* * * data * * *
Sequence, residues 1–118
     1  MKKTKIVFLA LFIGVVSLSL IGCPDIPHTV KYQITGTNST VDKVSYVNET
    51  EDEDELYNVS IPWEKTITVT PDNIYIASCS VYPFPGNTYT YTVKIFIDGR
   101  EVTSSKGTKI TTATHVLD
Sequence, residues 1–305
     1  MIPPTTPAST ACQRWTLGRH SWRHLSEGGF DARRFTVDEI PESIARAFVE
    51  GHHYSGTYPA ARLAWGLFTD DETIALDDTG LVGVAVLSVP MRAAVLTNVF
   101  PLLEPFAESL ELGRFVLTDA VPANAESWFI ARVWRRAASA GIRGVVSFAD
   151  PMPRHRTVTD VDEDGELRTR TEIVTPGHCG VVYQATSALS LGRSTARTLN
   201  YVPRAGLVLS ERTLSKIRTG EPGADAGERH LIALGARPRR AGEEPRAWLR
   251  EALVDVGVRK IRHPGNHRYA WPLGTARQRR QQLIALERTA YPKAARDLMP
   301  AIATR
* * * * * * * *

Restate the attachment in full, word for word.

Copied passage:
Sequence, residues 1–118
     1  MKKTKIVFLA LFIGVVSLSL IGCPDIPHTV KYQITGTNST VDKVSYVNET
    51  EDEDELYNVS IPWEKTITVT PDNIYIASCS VYPFPGNTYT YTVKIFIDGR
   101  EVTSSKGTKI TTATHVLD
Sequence, residues 1–305
     1  MIPPTTPAST ACQRWTLGRH SWRHLSEGGF DARRFTVDEI PESIARAFVE
    51  GHHYSGTYPA ARLAWGLFTD DETIALDDTG LVGVAVLSVP MRAAVLTNVF
   101  PLLEPFAESL ELGRFVLTDA VPANAESWFI ARVWRRAASA GIRGVVSFAD
   151  PMPRHRTVTD VDEDGELRTR TEIVTPGHCG VVYQATSALS LGRSTARTLN
   201  YVPRAGLVLS ERTLSKIRTG EPGADAGERH LIALGARPRR AGEEPRAWLR
   251  EALVDVGVRK IRHPGNHRYA WPLGTARQRR QQLIALERTA YPKAARDLMP
   301  AIATR